Mr. Osborne

That is all that matters to the hon. Member?

Mr. Fernyhough

The hon. Member is now conveying the impression that we had no right to introduce this scheme.

Mr. Osborne


Mr. Fernyhough

He either believes that we should have introduced this scheme, or that we should not have introduced it.

Mr. Osborne

That is not my point. The hon. Member made a statement that the scheme augurs well for the prospects of his party at the next election as if that were the only consideration, apart from whether it is good for the people, or whether it is costing all the money we are getting from the Americans. It was as if all these other things did not matter, and that the only thing which did matter was whether this will do his party any good at the next election.

Mr. Fernyhough

If the hon. Member reads HANSARD, he will see that he has forgotten my preceding sentence. I said that the people had given this scheme such a great welcome that it augurs well for our prosperity at the next election. The people will see that the Socialist Government have done something which no previous Government undertook, and have done it at a time when the difficulties are far greater than any difficulties any previous Government has had to face.

Mr. Osborne

The argument of the hon. Member is that this will be a grand thing for his party at the next election because it will get them votes.

Mr. Fernyhough

If the hon. Member will cast his mind back, he will remember that we made a pledge in "Let us Face the Future" to create a comprehensive Health Service if we were returned. What is strange to Members opposite, and what makes them so upset, is that a party observes its pledges when it gets into power.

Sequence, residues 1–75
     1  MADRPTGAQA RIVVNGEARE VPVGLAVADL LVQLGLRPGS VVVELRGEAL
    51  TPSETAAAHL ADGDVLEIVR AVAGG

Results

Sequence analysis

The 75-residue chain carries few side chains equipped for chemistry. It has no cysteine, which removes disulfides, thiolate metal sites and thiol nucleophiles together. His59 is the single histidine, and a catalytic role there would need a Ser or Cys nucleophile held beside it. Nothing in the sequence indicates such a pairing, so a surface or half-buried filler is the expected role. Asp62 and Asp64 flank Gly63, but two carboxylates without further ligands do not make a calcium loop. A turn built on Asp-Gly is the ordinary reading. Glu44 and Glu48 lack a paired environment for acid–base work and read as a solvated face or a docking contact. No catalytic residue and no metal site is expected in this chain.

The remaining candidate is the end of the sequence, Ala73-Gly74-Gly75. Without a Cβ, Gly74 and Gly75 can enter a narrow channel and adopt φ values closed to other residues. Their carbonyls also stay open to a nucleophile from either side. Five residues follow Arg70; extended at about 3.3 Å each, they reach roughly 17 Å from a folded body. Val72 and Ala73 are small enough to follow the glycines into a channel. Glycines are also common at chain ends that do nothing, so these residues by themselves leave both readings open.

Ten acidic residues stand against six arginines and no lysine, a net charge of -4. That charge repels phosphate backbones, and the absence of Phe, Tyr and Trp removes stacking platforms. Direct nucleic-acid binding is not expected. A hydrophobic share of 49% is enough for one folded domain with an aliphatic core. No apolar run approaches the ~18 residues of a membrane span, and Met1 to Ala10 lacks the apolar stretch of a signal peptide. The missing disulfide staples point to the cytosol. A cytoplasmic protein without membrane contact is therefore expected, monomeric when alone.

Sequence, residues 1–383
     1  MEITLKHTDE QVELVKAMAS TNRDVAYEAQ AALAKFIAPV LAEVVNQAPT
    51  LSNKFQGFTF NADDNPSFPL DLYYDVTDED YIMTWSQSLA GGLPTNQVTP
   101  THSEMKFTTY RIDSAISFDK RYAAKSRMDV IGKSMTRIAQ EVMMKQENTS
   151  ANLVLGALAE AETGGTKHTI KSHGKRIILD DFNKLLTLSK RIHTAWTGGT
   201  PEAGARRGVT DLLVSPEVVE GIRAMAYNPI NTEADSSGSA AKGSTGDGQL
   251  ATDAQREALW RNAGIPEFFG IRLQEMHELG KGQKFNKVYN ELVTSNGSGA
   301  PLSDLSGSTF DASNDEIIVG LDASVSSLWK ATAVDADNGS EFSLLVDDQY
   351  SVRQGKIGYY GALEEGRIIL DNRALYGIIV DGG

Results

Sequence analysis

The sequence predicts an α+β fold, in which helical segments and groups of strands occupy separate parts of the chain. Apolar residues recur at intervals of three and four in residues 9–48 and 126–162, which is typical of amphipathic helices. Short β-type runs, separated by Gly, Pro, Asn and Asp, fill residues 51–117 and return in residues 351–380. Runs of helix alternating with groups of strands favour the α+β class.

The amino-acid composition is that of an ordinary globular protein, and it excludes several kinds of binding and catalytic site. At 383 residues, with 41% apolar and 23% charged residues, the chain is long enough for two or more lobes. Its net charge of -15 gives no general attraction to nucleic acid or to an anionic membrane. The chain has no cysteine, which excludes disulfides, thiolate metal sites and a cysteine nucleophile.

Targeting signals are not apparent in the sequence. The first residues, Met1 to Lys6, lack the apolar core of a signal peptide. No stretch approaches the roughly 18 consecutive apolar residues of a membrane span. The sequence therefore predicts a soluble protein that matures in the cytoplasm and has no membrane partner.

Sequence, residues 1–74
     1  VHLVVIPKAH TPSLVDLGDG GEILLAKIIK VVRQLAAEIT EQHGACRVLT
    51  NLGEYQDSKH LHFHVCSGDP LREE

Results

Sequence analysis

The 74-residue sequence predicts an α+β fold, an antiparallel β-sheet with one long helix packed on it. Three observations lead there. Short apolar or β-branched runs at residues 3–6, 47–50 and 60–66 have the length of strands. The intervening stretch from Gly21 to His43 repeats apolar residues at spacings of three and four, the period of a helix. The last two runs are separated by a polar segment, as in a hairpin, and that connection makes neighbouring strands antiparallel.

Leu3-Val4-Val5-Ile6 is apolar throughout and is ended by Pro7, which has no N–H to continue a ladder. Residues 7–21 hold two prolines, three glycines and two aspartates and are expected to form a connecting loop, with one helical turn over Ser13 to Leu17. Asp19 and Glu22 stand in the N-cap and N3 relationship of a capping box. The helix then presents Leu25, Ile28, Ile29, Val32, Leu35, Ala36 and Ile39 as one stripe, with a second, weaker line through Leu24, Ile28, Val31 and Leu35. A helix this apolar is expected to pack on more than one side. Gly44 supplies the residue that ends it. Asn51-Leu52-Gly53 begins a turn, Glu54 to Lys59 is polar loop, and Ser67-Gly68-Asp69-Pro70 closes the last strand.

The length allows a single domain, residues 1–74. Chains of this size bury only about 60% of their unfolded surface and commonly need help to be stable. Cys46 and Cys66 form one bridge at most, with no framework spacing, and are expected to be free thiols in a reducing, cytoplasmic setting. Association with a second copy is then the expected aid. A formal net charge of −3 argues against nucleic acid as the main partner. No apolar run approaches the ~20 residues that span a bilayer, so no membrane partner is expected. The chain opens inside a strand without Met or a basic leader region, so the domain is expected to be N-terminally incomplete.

I agree that £58 million is a lot of money, but I should like to know how many people are better off in health as a result of this expenditure; I should even like to know how many people are alive who would otherwise be dead. If we have a proper sense of values and believe in the real things of life, we must acknowledge that expenditure on the sick and to combat disease is the noblest expenditure a nation can make.

Mr. Osborne

The hon. Member is claiming that because of this vast expenditure, the health of the people is much better than it was in the bad old days when the Conservative Party was in power. Will he ask the Minister how many hospital beds are standing idle today? He will find that it is something like 60,000. Those beds were being used in the bad old days to help people to get better.

Mr. Bevan

I am very glad the hon. Member has asked that question. When Members opposite come to debate Estimates they ought to inform themselves of the facts. There are very many more beds and nurses now than there were before the war.